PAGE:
Bowlby, John. 1990. Charles Darwin: A new biography. London: Hutchinson.
A psychiatrist best remembered for his emphasis on the importance to children of close, loving relationships with their mothers, Bowlby in this biography explored sensitively the consequences for Darwin of the early death of his mother Susannah.
Bowler, Peter J. 2013. Darwin deleted: Imagining a world without Darwin. Chicago: Univ. of Chicago Press.
Without Darwin’s Origin, biology would have gone evolutionist anyway but, among other differences, without all the regrettable religious commotion: or so this innovative and invaluable book argues.
Browne, Janet. 1995‒2002. Charles Darwin: Voyaging and Charles Darwin: The Power of Place. 2 vols. London: Jonathan Cape.
The biography to read if one can manage a two-volume treatment; the pace is stately, and the genteel sociability of Darwin’s class is brought to the fore, from Shrewsbury to London clubland to Down House and (thanks to Darwin’s extensive correspondence network) far beyond.
Depew, David J., and Bruce H. Weber. 1995. Darwinism evolving: Systems dynamics and the genealogy of natural selection. Cambridge, MA: MIT Press.
A big-picture study, philosophically and sociological acute, dividing natural-selection theorizing into three eras, Newtonian (Darwin), Boltzmannian (Galton to Fisher), and complexitarian (no champion yet).
Desmond, Adrian, and James Moore. 1991. Darwin. London: Michael Joseph.
The biography to read if one can manage only a one-volume treatment; the pace is fast, and the Whig politics of Darwin’s class are brought to the fore, linked to his theory’s emphases on competition and gradual, upward change.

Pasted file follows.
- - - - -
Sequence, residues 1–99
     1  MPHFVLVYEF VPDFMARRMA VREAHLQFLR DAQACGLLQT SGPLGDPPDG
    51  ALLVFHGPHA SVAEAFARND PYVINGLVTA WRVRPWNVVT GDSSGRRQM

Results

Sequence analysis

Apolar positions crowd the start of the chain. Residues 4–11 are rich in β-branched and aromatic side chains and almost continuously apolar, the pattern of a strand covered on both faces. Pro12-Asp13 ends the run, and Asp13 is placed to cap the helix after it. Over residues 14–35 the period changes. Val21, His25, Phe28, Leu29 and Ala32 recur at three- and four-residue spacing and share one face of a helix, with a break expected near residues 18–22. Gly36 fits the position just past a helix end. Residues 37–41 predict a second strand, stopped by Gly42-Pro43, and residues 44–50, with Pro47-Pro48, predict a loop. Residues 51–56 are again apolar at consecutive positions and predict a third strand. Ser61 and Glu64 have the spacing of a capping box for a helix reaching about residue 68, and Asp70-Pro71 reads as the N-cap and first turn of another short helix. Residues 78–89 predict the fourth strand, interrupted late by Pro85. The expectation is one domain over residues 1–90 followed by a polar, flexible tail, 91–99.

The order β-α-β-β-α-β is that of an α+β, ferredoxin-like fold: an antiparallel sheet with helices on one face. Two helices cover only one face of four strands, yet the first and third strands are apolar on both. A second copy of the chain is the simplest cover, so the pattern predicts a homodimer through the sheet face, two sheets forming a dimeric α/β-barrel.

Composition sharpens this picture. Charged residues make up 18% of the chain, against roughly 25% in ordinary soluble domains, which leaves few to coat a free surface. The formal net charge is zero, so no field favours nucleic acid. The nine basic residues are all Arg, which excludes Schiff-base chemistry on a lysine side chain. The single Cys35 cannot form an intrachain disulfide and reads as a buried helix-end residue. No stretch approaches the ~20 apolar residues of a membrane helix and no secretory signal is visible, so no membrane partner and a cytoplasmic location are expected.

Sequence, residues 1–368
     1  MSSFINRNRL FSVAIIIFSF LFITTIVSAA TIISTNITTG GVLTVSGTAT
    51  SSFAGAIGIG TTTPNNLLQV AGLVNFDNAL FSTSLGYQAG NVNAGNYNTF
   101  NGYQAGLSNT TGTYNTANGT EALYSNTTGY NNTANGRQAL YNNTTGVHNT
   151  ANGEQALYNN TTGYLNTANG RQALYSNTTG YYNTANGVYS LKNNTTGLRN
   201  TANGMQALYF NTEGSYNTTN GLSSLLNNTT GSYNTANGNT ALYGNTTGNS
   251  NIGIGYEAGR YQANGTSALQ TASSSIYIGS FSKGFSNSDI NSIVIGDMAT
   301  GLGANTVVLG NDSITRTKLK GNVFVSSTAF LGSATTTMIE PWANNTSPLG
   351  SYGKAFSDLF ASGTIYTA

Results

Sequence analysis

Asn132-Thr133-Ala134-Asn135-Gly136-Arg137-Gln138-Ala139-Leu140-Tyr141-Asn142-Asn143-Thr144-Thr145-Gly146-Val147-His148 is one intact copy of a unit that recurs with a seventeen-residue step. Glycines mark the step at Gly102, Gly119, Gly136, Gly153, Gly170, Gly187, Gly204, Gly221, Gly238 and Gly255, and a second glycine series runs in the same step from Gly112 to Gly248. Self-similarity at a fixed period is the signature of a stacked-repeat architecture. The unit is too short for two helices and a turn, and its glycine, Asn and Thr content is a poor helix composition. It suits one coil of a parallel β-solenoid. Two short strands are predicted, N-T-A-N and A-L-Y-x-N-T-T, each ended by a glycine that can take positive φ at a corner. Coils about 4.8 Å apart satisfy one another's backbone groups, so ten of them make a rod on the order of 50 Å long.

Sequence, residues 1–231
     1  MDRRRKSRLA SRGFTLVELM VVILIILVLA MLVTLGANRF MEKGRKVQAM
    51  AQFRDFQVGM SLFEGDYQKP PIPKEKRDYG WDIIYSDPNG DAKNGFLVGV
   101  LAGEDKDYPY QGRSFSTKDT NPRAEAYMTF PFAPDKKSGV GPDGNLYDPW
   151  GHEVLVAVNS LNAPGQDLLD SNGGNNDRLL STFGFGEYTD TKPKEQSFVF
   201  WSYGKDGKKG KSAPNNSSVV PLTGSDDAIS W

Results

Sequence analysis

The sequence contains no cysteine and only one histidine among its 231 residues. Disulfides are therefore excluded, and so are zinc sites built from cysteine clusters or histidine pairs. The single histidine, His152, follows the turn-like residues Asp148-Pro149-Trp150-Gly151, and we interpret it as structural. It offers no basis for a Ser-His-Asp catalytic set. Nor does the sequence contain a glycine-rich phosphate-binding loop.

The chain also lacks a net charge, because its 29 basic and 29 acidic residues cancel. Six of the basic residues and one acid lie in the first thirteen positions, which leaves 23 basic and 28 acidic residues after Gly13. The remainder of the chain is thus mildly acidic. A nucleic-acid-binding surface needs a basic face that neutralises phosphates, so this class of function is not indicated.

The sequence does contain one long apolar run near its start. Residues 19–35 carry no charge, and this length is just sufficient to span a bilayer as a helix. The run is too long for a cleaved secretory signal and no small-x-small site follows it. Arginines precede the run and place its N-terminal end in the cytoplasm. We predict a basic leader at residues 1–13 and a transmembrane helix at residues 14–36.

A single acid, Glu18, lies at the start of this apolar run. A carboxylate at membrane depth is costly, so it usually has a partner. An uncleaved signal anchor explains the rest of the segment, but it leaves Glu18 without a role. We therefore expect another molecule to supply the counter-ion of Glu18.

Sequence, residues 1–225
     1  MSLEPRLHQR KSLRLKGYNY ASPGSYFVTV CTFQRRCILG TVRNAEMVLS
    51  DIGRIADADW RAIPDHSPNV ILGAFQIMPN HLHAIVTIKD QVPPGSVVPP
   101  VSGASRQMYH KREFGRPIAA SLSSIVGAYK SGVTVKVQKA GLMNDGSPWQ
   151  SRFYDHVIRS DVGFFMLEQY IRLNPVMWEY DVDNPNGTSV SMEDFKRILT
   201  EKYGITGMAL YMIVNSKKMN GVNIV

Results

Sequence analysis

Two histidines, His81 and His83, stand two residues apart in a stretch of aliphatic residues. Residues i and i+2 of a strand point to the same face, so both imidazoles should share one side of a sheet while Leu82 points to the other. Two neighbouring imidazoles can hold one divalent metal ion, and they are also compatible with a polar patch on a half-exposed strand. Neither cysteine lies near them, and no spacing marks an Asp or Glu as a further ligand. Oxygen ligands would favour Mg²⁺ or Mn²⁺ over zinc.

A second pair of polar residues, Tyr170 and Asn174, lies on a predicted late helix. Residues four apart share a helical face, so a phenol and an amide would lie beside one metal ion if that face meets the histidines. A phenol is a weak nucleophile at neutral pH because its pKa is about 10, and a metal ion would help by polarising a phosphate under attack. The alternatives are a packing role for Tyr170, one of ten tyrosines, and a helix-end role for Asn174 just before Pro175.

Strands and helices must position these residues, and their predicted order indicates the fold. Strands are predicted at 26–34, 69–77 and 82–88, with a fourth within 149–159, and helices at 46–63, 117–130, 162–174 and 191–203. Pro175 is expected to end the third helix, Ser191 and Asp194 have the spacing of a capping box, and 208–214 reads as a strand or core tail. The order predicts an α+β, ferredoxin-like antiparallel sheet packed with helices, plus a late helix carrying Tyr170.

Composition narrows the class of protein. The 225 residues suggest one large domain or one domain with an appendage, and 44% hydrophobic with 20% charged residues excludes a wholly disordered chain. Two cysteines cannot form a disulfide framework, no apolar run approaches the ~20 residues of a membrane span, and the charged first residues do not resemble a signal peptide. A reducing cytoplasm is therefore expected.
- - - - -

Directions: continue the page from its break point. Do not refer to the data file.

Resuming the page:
Desmond, Adrian, and James Moore. 2009. Darwin’s sacred cause: Race, slavery and the quest for human origins. London: Allen Lane.
A brilliant if controversial development of the Whig-political reading of Darwin’s science, connecting his defense of a common ancestry for all life to the abolitionists’ defense of a common ancestry for the human races.
Desmond, Adrian, James Moore, and Janet Browne. 2004. Darwin, Charles Robert. In Oxford dictionary of national biography. Vol. 15. Edited by H. C. G. Matthew and Brian Harrison, 177‒202. Oxford: Oxford Univ. Press.
A concise but comprehensive and state-of-the-art summary of Darwin’s life at long-article length, with a rich discussion near the end of the development of Darwin scholarship. Also published as a separate volume, entitled Darwin, in the Very Interesting People series.
Gayon, Jean. 1998. Darwinism’s struggle for survival: Heredity and the hypothesis of natural selection. Cambridge, UK: Cambridge Univ. Press.
With immense scholarship, this book examines attempts to integrate the theory of natural selection with the changing scientific understanding of heredity between the mid-19th and mid-20th centuries.
Gould, Stephen Jay. 2002. The structure of evolutionary theory. Cambridge, MA: Harvard Univ. Press.
A paleontologist famous both for his innovative biological theorizing and for his superb popular books and essays, Gould here offered a striking analysis of the logical structure of Darwin’s theory and its role in organizing subsequent thinking and debate.
van Wyhe, John, and Mark J. Pallen. 2012. The “Annie hypothesis”: Did the death of his daughter cause Darwin to “give up Christianity”? Centaurus 54:1–19.
There is more to be said about why the death of Annie Darwin probably did not induce a loss of faith in her father; this article nevertheless says enough to ensure that readers will not treat the “Annie hypothesis” as established fact.